Follow-up studies of a few patients indicate that mild inflammation may persist (duration not known), manifested on light microscopy as focal vacuolization and gapping of enterocytes and mild increase in intraepithelial lymphocytes or other reactive cells. On EM, myelinlike material was uncommon. Its significance is unknown. Scarce and moderate amounts have been noted in protozoal infections of the upper gastrointestinal tract. It may be a marker of cell injury, but that is not substantiated.

The above discussion of histology is adapted from Connor (1993[17] , 1999[18] ) and Ortega (1997[19] ).

Medical Care

Medical care includes oral or intravenous rehydration (appropriate to the degree of dehydration) and antibiotics. The antibiotic of choice for treating Cyclospora infection is TMP-SMZ.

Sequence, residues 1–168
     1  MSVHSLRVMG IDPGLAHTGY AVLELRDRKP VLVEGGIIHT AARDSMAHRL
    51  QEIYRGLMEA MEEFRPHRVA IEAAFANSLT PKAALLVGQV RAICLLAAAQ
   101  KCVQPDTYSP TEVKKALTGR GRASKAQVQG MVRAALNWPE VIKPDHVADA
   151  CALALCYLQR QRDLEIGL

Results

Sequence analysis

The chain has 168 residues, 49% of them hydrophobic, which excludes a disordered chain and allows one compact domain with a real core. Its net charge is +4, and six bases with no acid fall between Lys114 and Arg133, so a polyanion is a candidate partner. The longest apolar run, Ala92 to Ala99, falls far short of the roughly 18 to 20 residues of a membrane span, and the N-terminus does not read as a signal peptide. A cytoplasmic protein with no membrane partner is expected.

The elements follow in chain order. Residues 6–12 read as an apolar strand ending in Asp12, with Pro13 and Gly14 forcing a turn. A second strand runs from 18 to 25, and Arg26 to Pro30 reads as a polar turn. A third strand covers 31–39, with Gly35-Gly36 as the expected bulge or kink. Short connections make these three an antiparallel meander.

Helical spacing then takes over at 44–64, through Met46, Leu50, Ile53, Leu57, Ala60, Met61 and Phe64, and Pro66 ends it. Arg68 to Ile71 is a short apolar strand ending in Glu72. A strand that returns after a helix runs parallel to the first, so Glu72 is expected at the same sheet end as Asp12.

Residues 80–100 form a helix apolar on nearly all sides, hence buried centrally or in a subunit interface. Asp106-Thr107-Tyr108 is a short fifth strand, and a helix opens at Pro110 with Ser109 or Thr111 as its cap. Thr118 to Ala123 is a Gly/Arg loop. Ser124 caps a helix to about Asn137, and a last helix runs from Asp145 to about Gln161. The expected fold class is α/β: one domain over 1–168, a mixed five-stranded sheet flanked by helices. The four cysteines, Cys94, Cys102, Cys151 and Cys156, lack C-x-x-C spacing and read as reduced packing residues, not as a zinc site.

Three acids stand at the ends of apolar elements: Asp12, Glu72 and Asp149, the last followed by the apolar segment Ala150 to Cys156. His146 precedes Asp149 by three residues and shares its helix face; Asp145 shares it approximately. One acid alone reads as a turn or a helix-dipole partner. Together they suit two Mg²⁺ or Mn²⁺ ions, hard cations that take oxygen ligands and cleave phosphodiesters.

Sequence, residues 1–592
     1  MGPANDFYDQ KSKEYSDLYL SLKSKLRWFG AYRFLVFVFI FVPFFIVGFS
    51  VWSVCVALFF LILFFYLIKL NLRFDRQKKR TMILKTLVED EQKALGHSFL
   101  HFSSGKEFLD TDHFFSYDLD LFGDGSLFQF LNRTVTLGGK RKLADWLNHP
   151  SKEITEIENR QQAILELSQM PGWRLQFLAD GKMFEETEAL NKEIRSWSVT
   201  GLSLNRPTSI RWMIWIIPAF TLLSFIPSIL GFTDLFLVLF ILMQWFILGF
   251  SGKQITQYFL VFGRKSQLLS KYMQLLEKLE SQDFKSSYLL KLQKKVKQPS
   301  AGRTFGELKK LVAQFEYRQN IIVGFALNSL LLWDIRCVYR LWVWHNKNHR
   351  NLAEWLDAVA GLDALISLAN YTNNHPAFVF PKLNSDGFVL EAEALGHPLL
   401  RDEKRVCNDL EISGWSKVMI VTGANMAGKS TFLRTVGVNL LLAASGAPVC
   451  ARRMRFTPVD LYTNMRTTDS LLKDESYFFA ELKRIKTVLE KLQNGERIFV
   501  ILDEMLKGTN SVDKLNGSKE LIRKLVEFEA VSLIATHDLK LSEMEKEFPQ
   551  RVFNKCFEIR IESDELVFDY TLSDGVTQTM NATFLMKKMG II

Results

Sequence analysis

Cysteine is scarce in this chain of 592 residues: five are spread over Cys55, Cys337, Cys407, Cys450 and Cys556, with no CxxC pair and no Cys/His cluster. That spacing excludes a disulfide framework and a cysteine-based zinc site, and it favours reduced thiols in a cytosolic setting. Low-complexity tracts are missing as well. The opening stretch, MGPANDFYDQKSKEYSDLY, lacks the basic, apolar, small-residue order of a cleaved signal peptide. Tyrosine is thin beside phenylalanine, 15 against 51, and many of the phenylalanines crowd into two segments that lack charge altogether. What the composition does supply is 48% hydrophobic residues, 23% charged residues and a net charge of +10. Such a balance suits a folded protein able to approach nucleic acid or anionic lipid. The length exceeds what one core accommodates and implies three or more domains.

Medication Summary

TMP-SMZ is the drug of choice. Immunocompetent patients become symptom-free within a median of 3 days. In a study of Haitian patients with AIDS, individuals cleared the organism on average 2.5 days into treatment during a 10-day regimen.

One small study of 20 patients with HIV compared TMP-SMZ (n = 9) with ciprofloxacin (n = 11) in the treatment of C cayetanensis infection.[20] With TMP-SMZ by day 7, diarrhea had ceased in 9 of 9 patients, and stools were negative for oocysts in all 9 patients. With ciprofloxacin by day 7, diarrhea ceased in 10 of 11 patients, and stools were negative for oocysts in 7 of 11 patients (64%). The conclusion was that, although ciprofloxacin is not as effective as TMP-SMZ, it is an acceptable alternative for patients unable to tolerate TMP-SMZ. However, this study has not been replicated, and other studies have commented that ciprofloxacin treatment did not produce a good response. The consensus among many practitioners is that ciprofloxacin is not a satisfactory treatment for cyclosporiasis, and they do not use it if the patient is allergic to sulfa.